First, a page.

This news item, spotted on the Orange County Register’s police blotter, is brief but intriguing: a man in Mission Viejo, Calif. was so distraught that his cable had been shut off that he did the only logical thing: threatened to kill himself. The person he spoke to at Cox Cable, in turn, called the police to report a potential suicide at the man’s address.
What has cable company executives losing sleep at night? It’s certainly not thoughts on how to improve customer service or billing. But it’s also not Netflix, Hulu, BitTorrent or any other obvious customer siphon. No, cable suits confess, it’s actually the fact that a growing number of Americans find themselves too poor to pay to watch TV.
Now that NBC Universal and Comcast have sealed their civil union to become NBCUniversal — isn’t it adorable how she took his name? — it will presumably soon be time for subscribers to give the company its wedding gifts: Higher cable rates.
Reader T was pleased to answer a call from a Comcast rep who offered a deal that would give him more channels for less money. He eagerly accepted, only to receive a call from Comcast the next day that informed him there was a hold on his account and he should work to get it removed immediately. Confused, he called Comcast’s customer service and found reason to turn his smile upside down.
Alex has a Time Warner DVR, but never asked for one. He tells Consumerist that the installer brought one to his home and connected it to the main TV instead of a cable box, but without installing DVR service. Because Alex and his roommate never asked for it. He’d be inclined to write this off as a simple error on the installer’s part, but he knows three other households in different parts of New York state that have had strangely forgetful cable installers.
Giving an odd boost to cable providers, the Ohio Supreme Court ruled the state could slap a sales tax on satellite TV services even though cable companies don’t need to tack the tax on to their packages.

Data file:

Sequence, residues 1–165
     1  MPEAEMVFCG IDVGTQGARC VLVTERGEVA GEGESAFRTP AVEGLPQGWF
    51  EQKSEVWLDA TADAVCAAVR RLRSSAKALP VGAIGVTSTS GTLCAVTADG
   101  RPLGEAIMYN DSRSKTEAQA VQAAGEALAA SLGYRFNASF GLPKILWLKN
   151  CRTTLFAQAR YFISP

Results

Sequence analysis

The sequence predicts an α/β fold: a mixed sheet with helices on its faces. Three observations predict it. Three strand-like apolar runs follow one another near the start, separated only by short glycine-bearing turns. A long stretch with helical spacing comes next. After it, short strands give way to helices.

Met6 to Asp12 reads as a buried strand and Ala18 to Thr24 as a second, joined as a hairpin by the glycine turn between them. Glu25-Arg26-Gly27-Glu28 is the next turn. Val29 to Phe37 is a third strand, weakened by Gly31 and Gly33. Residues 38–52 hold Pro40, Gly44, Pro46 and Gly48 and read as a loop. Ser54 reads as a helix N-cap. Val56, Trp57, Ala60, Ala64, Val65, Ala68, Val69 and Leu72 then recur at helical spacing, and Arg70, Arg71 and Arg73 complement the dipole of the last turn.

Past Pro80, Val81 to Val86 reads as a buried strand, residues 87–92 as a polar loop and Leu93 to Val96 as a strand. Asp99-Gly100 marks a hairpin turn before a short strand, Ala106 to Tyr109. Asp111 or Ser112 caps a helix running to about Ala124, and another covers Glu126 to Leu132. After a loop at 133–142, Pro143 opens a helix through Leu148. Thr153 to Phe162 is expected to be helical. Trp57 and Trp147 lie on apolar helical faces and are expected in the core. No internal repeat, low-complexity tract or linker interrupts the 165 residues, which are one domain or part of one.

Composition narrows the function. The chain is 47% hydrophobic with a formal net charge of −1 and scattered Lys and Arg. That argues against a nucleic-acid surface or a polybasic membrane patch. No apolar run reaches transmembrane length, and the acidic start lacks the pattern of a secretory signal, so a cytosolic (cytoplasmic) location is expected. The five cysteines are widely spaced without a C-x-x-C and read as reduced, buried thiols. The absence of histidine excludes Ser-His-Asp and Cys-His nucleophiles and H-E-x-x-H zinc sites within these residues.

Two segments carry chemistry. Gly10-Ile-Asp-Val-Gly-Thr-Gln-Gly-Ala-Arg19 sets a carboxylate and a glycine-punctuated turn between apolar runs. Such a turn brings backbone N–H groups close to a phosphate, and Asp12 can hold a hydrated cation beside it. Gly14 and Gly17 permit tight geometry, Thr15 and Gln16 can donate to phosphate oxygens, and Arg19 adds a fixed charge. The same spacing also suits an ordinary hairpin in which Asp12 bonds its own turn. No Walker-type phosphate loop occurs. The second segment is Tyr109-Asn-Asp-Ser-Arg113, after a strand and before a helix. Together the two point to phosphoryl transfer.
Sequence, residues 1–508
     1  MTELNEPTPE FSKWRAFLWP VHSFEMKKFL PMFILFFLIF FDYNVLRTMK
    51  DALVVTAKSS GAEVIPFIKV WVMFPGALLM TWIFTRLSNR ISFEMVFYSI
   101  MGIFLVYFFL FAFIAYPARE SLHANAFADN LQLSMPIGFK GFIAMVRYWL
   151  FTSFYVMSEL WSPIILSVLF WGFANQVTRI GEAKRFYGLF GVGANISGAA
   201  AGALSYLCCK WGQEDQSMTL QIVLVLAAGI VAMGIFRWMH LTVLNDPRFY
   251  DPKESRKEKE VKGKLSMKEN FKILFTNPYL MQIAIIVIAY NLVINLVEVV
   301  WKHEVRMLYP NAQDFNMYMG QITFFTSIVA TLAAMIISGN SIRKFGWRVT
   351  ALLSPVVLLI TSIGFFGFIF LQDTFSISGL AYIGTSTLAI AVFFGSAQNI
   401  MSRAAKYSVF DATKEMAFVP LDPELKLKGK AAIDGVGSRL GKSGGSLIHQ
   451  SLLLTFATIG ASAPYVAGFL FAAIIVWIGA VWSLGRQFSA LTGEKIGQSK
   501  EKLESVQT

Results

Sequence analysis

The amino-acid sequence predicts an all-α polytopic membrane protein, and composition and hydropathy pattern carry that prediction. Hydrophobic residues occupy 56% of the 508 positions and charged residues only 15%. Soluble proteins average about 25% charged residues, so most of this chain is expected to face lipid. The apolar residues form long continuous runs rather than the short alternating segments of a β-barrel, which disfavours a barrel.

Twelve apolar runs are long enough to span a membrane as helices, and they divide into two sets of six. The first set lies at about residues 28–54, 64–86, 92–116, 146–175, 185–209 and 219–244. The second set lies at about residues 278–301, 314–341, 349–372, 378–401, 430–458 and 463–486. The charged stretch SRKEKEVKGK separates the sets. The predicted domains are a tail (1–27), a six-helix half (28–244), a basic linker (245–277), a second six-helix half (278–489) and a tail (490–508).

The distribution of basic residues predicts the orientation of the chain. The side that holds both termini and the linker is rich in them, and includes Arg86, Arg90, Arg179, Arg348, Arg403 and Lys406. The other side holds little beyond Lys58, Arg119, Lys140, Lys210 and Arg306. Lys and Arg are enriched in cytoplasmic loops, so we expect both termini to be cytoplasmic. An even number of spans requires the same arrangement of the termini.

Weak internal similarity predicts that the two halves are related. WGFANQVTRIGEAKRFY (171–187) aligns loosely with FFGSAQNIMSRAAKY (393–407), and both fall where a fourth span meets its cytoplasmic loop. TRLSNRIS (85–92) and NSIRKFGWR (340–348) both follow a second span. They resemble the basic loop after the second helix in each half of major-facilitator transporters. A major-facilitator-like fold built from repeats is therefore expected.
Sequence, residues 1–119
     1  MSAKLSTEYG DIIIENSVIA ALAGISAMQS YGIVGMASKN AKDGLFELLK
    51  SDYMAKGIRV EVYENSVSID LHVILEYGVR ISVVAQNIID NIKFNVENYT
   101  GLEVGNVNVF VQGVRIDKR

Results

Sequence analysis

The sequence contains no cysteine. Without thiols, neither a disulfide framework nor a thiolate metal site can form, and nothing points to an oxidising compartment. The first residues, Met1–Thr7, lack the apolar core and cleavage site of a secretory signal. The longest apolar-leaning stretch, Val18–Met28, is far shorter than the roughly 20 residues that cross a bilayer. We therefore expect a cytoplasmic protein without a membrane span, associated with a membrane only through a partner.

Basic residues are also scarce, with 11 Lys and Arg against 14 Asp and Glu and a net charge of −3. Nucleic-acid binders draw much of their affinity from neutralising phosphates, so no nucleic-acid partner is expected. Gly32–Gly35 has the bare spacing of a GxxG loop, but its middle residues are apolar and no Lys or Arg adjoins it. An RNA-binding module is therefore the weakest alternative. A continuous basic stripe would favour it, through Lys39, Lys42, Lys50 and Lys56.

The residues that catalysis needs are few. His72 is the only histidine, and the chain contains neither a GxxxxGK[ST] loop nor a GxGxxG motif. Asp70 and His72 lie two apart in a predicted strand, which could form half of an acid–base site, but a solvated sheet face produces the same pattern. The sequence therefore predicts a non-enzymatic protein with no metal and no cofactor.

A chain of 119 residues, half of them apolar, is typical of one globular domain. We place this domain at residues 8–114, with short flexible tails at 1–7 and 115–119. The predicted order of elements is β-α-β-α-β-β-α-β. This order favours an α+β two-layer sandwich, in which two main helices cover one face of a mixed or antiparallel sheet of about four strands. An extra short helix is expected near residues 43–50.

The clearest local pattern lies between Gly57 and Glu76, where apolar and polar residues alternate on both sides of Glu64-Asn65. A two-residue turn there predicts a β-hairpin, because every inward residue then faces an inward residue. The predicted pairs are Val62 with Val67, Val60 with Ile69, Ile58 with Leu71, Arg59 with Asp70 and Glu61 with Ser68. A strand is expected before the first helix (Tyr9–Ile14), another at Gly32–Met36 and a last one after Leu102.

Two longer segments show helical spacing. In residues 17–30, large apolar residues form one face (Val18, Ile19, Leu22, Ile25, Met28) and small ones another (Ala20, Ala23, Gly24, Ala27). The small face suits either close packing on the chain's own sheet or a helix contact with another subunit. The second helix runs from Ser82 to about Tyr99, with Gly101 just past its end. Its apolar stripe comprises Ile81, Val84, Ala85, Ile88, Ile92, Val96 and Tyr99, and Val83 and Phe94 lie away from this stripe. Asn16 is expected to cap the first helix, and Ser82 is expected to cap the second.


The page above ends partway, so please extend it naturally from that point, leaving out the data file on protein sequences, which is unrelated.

Just in time for Game 3 of a World Series that very few people in its viewing audience care seriously about, Cablevision and Fox have ended their two-week standoff. Which means Cablevision customers will have Fox stations back on the air — and they’ll be paying more for them!
Many people had predicted — or at least hoped — that the fee squabble that led to Fox’s Friday night decision to pull its local NYC and Philadelphia affiliates from Cablevision subscribers would have been sorted out in time for folks to enjoy Sunday afternoon football. Alas, that didn’t happen and hordes of Giants and Eagles fans were scrambling for antennas.
Just in time for the NLCS and the World Series, the very public slap fight between NewsCorp and Cablevision hit an impasse on Friday night, with Cablevision subscribers in the New York City and Philadelphia metro areas no longer having access to their local Fox affiliates.
How long can a cable channel run commercials before viewers forget what they were watching and — literally — tune out? That’s the question that the folks at Spike TV appear to be tacitly asking their audience, as it stretches the length of some of its commercial breaks well past existing standards — some to as long as 10 minutes.